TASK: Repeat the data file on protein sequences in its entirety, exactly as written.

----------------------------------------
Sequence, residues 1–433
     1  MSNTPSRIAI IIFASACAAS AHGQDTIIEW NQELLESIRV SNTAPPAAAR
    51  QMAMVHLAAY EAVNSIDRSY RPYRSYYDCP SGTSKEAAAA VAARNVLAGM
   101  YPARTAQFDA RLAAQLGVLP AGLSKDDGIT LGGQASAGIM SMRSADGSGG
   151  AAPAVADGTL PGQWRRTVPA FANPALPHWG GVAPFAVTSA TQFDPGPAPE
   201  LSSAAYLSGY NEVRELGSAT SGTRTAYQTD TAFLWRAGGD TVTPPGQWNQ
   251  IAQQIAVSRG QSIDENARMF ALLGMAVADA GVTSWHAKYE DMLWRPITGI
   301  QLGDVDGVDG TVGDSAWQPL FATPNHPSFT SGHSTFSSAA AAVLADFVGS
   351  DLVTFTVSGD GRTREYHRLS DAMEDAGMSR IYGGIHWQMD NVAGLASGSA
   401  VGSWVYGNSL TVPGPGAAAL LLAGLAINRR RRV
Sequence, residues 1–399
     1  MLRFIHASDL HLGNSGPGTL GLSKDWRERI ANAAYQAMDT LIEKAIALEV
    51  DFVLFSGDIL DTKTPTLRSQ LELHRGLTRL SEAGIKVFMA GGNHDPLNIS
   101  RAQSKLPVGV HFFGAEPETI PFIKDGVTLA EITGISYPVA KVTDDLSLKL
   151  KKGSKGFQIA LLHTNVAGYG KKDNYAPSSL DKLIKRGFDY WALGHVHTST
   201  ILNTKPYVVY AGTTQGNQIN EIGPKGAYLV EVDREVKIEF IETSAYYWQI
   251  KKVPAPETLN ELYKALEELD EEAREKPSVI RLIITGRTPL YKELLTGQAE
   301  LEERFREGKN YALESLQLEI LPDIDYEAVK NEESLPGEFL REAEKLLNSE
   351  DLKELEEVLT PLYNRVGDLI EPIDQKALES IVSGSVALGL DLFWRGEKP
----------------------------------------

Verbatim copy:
Sequence, residues 1–433
     1  MSNTPSRIAI IIFASACAAS AHGQDTIIEW NQELLESIRV SNTAPPAAAR
    51  QMAMVHLAAY EAVNSIDRSY RPYRSYYDCP SGTSKEAAAA VAARNVLAGM
   101  YPARTAQFDA RLAAQLGVLP AGLSKDDGIT LGGQASAGIM SMRSADGSGG
   151  AAPAVADGTL PGQWRRTVPA FANPALPHWG GVAPFAVTSA TQFDPGPAPE
   201  LSSAAYLSGY NEVRELGSAT SGTRTAYQTD TAFLWRAGGD TVTPPGQWNQ
   251  IAQQIAVSRG QSIDENARMF ALLGMAVADA GVTSWHAKYE DMLWRPITGI
   301  QLGDVDGVDG TVGDSAWQPL FATPNHPSFT SGHSTFSSAA AAVLADFVGS
   351  DLVTFTVSGD GRTREYHRLS DAMEDAGMSR IYGGIHWQMD NVAGLASGSA
   401  VGSWVYGNSL TVPGPGAAAL LLAGLAINRR RRV
Sequence, residues 1–399
     1  MLRFIHASDL HLGNSGPGTL GLSKDWRERI ANAAYQAMDT LIEKAIALEV
    51  DFVLFSGDIL DTKTPTLRSQ LELHRGLTRL SEAGIKVFMA GGNHDPLNIS
   101  RAQSKLPVGV HFFGAEPETI PFIKDGVTLA EITGISYPVA KVTDDLSLKL
   151  KKGSKGFQIA LLHTNVAGYG KKDNYAPSSL DKLIKRGFDY WALGHVHTST
   201  ILNTKPYVVY AGTTQGNQIN EIGPKGAYLV EVDREVKIEF IETSAYYWQI
   251  KKVPAPETLN ELYKALEELD EEAREKPSVI RLIITGRTPL YKELLTGQAE
   301  LEERFREGKN YALESLQLEI LPDIDYEAVK NEESLPGEFL REAEKLLNSE
   351  DLKELEEVLT PLYNRVGDLI EPIDQKALES IVSGSVALGL DLFWRGEKP